Study Finds Very Few Wild Bee Species Pollinate Major Crops

Very interesting results from a huge study. “Only two percent of wild bee species pollinate 80 percent of bee-pollinated crops worldwide”.

You can read the full study here: http://www.nature.com/ncomms/2015/150616/ncomms8414/abs/ncomms8414.html

Entomology Today

A sweat bee in the genus Lasioglossum. Photo by David Cappaert, Michigan State University, Bugwood.org.
A major international study finds that surprisingly few bee species are responsible for pollinating the world’s crops. The paper, published in Nature Communications, suggests that only two percent of wild bee species pollinate 80 percent of bee-pollinated crops worldwide. The study is one of the largest on bee pollination to date.

While agricultural development and pesticides have been shown to produce sharp declines in many wild bee populations, the study shows these “busy bees” can remain abundant in agricultural landscapes.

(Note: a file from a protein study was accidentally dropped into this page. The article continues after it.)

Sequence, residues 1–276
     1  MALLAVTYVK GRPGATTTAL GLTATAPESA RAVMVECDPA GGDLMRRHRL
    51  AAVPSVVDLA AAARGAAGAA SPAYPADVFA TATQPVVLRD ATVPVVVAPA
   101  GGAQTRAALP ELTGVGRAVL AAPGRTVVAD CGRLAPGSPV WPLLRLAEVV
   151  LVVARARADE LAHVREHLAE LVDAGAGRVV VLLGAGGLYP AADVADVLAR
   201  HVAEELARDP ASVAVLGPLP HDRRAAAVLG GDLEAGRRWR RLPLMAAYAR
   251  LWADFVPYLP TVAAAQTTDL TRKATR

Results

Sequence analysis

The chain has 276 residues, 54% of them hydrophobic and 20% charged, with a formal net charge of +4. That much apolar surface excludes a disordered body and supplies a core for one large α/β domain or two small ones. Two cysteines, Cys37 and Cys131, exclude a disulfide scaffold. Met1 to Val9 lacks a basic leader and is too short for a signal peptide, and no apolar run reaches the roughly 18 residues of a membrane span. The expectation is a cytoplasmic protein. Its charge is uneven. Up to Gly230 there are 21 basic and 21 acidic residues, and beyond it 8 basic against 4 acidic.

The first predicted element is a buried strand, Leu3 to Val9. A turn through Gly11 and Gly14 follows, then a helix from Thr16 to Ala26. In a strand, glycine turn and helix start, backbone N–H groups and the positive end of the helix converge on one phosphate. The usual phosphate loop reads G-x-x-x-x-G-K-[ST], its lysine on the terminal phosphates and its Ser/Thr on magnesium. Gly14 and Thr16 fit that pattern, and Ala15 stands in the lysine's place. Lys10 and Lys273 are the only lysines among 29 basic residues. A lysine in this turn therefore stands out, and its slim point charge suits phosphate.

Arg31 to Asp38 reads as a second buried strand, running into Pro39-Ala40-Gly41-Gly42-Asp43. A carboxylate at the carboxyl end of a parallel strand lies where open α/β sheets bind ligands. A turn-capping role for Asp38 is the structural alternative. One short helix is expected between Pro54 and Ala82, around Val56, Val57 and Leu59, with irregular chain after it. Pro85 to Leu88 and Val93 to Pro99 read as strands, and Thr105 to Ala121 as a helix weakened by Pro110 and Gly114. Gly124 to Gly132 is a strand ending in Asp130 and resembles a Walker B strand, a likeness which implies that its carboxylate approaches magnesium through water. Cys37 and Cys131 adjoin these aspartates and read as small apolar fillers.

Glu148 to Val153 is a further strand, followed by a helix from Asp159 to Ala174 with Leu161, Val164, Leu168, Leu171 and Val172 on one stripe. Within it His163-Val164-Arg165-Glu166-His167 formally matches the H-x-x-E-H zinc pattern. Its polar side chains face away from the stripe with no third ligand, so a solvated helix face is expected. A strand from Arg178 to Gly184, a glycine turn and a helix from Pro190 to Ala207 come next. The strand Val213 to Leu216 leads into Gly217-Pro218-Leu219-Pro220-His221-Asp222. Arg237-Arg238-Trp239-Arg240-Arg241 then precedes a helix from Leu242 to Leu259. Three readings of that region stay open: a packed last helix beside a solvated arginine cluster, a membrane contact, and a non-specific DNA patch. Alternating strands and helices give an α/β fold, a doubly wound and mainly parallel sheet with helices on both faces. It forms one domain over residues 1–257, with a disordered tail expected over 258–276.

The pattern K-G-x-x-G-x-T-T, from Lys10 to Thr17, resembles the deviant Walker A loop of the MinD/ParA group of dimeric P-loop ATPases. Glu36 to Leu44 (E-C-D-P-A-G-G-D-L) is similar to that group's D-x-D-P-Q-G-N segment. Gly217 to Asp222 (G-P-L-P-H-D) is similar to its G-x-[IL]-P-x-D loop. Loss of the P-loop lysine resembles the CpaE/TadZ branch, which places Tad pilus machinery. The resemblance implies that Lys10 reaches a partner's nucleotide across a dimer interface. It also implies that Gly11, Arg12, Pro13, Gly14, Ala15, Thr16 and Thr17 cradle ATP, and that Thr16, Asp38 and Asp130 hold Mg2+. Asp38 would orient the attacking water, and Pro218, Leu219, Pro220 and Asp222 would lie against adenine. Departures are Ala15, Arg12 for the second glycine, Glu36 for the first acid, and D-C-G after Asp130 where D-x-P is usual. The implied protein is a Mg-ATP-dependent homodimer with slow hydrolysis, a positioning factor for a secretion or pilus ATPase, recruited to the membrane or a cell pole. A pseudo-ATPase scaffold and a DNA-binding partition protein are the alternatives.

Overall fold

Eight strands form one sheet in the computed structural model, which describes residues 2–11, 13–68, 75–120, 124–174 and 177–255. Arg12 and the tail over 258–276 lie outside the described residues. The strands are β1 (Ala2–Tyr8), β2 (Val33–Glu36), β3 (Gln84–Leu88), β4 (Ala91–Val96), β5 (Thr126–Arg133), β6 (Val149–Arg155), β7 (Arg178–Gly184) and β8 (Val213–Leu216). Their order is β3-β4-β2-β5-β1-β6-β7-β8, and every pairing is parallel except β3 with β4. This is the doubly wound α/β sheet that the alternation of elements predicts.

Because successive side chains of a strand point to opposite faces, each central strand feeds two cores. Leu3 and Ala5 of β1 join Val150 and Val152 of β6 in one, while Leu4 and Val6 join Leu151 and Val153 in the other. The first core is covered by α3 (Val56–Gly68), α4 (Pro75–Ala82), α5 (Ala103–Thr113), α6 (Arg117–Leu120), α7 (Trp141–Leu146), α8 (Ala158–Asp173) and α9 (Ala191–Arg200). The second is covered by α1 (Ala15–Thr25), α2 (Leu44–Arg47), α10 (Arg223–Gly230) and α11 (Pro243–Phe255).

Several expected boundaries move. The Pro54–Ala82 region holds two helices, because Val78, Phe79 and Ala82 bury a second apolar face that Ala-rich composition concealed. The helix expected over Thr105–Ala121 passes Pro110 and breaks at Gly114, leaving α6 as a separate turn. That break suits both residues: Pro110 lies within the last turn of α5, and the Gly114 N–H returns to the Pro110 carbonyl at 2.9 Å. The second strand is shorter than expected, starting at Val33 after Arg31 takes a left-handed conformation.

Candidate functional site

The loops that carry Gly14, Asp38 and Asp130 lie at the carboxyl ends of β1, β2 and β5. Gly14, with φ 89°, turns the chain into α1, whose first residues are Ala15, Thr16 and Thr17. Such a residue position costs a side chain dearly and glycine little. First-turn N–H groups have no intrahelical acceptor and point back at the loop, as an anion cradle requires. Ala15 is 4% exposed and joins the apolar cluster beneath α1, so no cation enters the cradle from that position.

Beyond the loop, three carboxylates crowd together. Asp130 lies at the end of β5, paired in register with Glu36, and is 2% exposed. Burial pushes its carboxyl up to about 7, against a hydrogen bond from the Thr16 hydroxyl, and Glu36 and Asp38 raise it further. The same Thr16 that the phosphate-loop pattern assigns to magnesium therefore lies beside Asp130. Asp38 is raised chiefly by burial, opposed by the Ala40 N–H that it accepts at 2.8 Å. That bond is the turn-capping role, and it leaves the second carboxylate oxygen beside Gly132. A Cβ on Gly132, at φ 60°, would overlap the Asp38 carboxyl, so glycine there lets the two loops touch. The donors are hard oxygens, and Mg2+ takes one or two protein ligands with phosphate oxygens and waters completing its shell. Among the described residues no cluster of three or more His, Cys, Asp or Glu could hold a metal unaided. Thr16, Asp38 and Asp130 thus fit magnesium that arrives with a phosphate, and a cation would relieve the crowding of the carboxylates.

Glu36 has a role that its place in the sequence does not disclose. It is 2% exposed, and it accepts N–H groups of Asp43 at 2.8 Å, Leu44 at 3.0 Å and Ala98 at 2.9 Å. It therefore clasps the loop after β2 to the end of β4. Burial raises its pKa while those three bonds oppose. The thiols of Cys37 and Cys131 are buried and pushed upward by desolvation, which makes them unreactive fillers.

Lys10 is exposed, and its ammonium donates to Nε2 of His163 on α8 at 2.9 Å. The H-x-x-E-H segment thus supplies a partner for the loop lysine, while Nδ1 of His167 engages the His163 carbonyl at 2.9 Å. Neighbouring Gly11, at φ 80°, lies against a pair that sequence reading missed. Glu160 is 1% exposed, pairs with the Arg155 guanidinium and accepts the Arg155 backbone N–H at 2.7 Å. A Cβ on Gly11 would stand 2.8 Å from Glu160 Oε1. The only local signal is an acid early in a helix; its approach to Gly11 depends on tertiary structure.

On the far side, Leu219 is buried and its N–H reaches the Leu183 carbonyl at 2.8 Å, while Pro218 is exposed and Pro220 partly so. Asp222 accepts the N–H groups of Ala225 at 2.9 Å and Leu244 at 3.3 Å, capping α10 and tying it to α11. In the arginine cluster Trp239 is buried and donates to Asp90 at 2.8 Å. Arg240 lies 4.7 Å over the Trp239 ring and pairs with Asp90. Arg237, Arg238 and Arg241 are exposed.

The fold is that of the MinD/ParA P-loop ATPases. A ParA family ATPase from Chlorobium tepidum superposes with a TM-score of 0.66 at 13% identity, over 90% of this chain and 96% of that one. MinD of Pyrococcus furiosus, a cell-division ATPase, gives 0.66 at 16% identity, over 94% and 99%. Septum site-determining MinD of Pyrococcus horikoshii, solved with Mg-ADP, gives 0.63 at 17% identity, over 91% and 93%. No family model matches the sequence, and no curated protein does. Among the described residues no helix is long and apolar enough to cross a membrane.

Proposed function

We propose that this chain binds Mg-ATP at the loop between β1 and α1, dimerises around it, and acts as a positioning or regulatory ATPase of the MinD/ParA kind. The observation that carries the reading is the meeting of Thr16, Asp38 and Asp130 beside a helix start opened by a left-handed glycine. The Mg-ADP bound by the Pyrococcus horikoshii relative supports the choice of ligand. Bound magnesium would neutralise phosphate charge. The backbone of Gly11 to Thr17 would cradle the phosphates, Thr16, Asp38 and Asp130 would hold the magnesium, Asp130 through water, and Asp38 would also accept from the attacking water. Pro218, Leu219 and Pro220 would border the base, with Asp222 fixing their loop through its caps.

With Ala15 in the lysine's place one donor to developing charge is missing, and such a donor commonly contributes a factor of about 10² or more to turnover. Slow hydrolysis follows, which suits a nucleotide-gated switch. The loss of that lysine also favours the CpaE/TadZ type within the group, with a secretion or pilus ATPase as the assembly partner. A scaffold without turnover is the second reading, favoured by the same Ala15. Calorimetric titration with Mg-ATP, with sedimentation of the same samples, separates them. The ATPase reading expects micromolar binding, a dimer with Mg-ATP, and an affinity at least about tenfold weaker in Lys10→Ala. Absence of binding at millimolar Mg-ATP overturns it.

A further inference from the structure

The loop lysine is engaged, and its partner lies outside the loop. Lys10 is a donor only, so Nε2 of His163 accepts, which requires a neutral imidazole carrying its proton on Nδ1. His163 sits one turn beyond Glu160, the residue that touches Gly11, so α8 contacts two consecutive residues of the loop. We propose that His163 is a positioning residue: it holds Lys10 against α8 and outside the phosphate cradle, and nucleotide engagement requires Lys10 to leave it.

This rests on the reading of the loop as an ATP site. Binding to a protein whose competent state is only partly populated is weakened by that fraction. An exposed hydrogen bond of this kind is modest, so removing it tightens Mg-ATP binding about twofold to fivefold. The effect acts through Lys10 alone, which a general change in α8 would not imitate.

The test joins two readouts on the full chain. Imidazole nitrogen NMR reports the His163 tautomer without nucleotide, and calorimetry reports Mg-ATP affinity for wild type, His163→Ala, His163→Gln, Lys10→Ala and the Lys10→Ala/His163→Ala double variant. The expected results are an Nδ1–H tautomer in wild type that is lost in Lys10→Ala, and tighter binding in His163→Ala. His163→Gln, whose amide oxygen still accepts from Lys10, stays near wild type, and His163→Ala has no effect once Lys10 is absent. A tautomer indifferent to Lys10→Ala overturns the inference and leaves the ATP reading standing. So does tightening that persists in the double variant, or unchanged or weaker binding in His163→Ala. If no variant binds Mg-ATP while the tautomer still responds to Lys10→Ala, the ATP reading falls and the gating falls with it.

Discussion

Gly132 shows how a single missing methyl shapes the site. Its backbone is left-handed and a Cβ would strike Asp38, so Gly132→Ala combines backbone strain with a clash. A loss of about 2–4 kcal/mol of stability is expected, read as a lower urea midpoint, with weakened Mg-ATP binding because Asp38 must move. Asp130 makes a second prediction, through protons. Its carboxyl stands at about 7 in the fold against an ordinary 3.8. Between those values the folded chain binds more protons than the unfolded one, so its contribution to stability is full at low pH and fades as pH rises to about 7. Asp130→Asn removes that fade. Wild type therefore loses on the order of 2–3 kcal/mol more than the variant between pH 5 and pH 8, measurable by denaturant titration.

The study gives a powerful economic rationale for conserving wild bees. It calculates the value of wild bee pollination to the global food system at $3,000 per hectare of insect-pollinated agricultural land, a number in the billions globally.

But the findings also offer a warning to conservation advocates hoping that economic arguments…

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I'm a Tropical Ecologist, Research Coordinator, and Mother
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